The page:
What To Know Before Buying a Vacation Home
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Thinking of buying a vacation home? If you're in the position to consider making a down payment on another property, now's the time to do it.
So says real estate mogul Barbara Corcoran. Over the years, Corcoran has brokered countless deals, so she knows a thing or two about navigating the real estate landscape for a second property.
We asked The Corcoran Group founder to share a few of her top tips:
I’m still paying off my first house but would like to buy a weekend home. Is that a smart investment or a risky move?
"It's the smartest thing you can do right now," Corcoran says, adding that the the second-home market is "the last area you can still get a steal of a deal." But if you're thinking of taking the plunge, Corcoran advises you act fast. "In the second home market, the homes are abundant but [they're] starting to shrink up."
What’s one immediate red flag to look for when walking into a home that I might want to purchase?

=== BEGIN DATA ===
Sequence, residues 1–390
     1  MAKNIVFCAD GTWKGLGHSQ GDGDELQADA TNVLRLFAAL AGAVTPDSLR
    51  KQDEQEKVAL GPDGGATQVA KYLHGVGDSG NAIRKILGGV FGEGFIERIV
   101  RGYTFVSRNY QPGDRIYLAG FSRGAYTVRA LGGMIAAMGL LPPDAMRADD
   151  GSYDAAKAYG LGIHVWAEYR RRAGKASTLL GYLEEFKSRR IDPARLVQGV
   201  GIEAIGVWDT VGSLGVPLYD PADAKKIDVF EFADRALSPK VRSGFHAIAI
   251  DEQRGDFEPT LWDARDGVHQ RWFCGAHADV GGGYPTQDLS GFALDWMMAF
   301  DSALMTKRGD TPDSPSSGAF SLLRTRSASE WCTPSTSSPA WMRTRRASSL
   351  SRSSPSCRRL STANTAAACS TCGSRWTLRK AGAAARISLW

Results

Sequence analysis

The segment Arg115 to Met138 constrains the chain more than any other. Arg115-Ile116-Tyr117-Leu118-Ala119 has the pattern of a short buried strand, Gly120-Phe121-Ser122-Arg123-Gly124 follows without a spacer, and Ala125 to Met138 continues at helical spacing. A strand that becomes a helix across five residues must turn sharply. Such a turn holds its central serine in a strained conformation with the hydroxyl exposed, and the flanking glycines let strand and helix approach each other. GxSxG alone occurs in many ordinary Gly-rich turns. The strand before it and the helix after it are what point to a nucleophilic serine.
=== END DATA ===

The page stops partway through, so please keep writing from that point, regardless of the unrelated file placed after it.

"Great decoration," Corcoran says without hesitation. "Most people are misled by a beautifully-decorated home and don’t look past the surface," she explains. When it comes to purchasing a vacation home, people tend to be less discerning about the property and less likely to look at the practical considerations that are the focus of buying a primary residence.
"I'm convinced that people looking for a second home are in a less critical state," she says. "They don’t have a practical head on their shoulders."
She advises buyers to not get distracted by things like the view or different amenities, and instead ask important questions: How old is the wiring? Is there asbestos? What about the plumbing?
What are the most common mistakes made by second home buyers?
One of the biggest mistakes Corcoran sees people make is "buying where their friends live." Too often, she says, people fantasize about vacationing with or near friends and end up making a purchase that isn't right for them.
Next on the list? Setting a budget and sticking with it. "Look over your budget," Corcoran says. She also adds that it's a smart move to make a low bid on a property that is out of your price range, especially if it has been languishing on the market for months. "People who have the nicest homes always overprice, and it just sits on the market," she adds.
Finally, don't buy into a community because of its amenities, she advises. If you're not a squash player now, you won't become one because your new development has a court. "Most people generally won't use the extra stuff and they get blinded by all of that," she explains.